Saturday, July 16, 2016

Bike Victories and Yummy Things (NacNaw, Saturday 7/2)

Despite sitting in a bath and using my inhaler before bed Friday night, I woke up stiff, sore in most of the same places as before, and wheezy. But we'd already planned to bike Mackinac Island today and I hate to not stick to a set schedule, so back to the island we went! From breakfast at the hotel, Ma and I drove to Shepler's again with our bikes in tow, and we bought passes for them ($10 each) before boarding.

One thing I forgot to mention is that one of the biggest surprises for me since arriving on Friday was observing the substantial amount of Caribbean people working in Mackinaw City, on the ferries, and on Mackinac Island. Truth be told, I was anxious about whether going to northern Michigan would be safe for Ma and I as single black women, since I wasn't sure how homogeneously white the area would be, and since it was 4th of July weekend during this trifling election year, I worried about how aggressive or militant people's patriotism (and thus racism fueled by "patriotism") might be. Turns out that yes, the area certainly isn't the most melanated place on Earth, but it's also super chill. At the very least, people are friendly in that contrived "let's be on our best behavior and not cause trouble for each other" type of way. Like how folks are at Disney World. And there were all kinds of people of color visiting. Mostly Indian/South Asian and East Asian people, a handful of Latino people, a smattering of Black folk. It was a delight for Ma and I to see at least a few of us wherever we went. But for our Caribbean brothers and sisters, I'm curious as to how and why they ended up working in northern Michigan of all places. Need to do research on this later.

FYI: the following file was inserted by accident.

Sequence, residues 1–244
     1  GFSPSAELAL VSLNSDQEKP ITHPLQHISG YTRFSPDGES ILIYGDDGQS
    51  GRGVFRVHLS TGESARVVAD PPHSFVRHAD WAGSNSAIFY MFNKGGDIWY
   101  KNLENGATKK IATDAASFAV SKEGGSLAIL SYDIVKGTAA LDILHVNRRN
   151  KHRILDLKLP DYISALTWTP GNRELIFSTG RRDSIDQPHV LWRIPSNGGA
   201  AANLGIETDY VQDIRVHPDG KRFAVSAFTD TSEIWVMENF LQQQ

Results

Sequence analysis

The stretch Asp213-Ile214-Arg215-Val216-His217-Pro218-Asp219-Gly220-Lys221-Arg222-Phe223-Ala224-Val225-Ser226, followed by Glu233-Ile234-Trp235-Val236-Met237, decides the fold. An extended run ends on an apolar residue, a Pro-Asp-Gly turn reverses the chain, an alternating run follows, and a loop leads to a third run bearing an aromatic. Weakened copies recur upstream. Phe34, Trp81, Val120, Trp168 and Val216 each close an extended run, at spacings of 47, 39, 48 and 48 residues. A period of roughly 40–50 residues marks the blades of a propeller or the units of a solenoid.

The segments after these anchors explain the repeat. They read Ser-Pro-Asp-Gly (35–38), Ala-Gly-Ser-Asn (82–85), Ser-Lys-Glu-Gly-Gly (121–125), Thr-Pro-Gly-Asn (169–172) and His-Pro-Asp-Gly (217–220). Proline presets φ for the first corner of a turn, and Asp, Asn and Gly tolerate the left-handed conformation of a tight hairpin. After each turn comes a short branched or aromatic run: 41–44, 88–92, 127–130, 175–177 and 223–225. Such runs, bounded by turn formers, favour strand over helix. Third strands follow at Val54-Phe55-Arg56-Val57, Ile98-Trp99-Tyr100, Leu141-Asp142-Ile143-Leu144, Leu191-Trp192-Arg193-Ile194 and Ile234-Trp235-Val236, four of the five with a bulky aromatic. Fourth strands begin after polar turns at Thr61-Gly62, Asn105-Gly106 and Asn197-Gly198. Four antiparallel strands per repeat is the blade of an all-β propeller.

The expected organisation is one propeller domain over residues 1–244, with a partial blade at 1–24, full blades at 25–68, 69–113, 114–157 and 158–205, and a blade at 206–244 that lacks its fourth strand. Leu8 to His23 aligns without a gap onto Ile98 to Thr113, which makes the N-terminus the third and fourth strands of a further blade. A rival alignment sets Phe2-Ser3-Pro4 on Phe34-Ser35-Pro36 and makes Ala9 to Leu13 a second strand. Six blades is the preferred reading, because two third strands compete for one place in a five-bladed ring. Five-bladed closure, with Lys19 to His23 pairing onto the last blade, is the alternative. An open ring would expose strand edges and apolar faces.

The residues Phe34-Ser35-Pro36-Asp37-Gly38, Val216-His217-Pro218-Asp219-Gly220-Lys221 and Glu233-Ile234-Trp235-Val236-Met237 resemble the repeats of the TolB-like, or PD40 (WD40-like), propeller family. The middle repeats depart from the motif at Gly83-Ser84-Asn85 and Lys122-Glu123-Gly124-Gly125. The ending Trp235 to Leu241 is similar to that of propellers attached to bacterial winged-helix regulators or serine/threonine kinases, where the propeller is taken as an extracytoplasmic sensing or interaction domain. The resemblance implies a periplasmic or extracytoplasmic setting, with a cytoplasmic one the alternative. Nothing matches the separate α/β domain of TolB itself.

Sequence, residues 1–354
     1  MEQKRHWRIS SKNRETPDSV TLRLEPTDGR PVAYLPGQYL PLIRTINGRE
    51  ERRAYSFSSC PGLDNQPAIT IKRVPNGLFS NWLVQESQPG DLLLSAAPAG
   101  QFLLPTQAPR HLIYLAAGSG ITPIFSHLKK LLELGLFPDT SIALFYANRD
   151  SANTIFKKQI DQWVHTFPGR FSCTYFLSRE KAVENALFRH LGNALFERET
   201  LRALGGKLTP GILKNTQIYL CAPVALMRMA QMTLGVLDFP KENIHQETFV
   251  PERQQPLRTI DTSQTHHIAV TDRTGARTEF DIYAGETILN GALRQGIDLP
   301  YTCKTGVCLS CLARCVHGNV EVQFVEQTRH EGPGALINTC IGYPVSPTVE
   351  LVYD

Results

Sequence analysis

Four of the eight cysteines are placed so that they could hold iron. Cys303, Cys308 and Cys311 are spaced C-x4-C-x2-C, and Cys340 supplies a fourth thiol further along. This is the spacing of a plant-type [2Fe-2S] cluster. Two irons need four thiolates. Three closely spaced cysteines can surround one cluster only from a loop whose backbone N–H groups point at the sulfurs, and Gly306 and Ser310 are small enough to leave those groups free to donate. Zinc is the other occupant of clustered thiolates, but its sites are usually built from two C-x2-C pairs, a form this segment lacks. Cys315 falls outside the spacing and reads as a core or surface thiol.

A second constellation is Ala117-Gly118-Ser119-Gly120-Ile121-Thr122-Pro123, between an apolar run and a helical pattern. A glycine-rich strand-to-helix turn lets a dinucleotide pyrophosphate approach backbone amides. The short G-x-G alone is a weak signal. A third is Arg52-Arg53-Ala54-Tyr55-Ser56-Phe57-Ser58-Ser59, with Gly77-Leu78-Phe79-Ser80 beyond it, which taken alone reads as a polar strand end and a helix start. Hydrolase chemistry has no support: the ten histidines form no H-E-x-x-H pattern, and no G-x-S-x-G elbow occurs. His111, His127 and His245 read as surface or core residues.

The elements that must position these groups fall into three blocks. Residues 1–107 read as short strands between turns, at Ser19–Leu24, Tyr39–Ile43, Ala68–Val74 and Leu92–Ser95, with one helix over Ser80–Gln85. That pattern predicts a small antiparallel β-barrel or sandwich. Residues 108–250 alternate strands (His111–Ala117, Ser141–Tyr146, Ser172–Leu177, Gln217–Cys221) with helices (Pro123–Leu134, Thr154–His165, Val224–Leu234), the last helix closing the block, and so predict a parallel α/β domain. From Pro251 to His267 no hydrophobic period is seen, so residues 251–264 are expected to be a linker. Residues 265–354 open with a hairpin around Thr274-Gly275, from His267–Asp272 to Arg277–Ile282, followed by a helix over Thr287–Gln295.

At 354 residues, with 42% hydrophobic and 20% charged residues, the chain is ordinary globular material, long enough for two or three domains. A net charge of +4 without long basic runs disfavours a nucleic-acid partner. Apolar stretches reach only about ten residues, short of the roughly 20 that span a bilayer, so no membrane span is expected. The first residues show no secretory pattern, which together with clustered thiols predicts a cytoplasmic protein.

I'd wanted to go around the opposite way from Friday to get a different perspective of the island, so after arriving and getting situated we set out at around 11:50am. We made it all the way in about two hours, taking our time and only making two stops to rest and intermittent pauses for photos. I was overwhelmingly proud of both of us, especially Ma. She's not the most active or outdoorsy person, and she's not the most open to trying new things, but in the right situation and with the right encouragement, she really steps up and does her best to push her boundaries (I think we're somewhat alike in this way). Just like walking up Hyde Street in San Francisco, just like attempting to walk the island with me Friday and managing to walk back on her own, today she stuck with it and she rocked it! Hadn't been on a bike in about a decade, and she breezed along with me like it was nothing! I was so impressed!